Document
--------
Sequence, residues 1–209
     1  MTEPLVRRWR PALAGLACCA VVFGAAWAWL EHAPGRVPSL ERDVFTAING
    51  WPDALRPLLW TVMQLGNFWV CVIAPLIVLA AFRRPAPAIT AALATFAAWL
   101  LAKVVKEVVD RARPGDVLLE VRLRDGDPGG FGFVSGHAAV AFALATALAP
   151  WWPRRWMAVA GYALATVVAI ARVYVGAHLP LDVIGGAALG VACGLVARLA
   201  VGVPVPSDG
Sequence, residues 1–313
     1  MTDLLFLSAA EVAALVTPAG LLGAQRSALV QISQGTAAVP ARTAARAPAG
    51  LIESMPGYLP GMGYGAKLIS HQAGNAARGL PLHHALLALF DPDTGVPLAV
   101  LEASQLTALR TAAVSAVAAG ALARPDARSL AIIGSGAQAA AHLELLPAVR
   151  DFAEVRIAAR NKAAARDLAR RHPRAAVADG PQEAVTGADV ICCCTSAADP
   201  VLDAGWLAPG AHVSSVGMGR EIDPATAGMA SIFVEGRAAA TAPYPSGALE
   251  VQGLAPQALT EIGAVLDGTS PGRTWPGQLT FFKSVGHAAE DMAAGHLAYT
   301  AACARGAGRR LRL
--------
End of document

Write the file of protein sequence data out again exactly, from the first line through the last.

Sequence, residues 1–209
     1  MTEPLVRRWR PALAGLACCA VVFGAAWAWL EHAPGRVPSL ERDVFTAING
    51  WPDALRPLLW TVMQLGNFWV CVIAPLIVLA AFRRPAPAIT AALATFAAWL
   101  LAKVVKEVVD RARPGDVLLE VRLRDGDPGG FGFVSGHAAV AFALATALAP
   151  WWPRRWMAVA GYALATVVAI ARVYVGAHLP LDVIGGAALG VACGLVARLA
   201  VGVPVPSDG
Sequence, residues 1–313
     1  MTDLLFLSAA EVAALVTPAG LLGAQRSALV QISQGTAAVP ARTAARAPAG
    51  LIESMPGYLP GMGYGAKLIS HQAGNAARGL PLHHALLALF DPDTGVPLAV
   101  LEASQLTALR TAAVSAVAAG ALARPDARSL AIIGSGAQAA AHLELLPAVR
   151  DFAEVRIAAR NKAAARDLAR RHPRAAVADG PQEAVTGADV ICCCTSAADP
   201  VLDAGWLAPG AHVSSVGMGR EIDPATAGMA SIFVEGRAAA TAPYPSGALE
   251  VQGLAPQALT EIGAVLDGTS PGRTWPGQLT FFKSVGHAAE DMAAGHLAYT
   301  AACARGAGRR LRL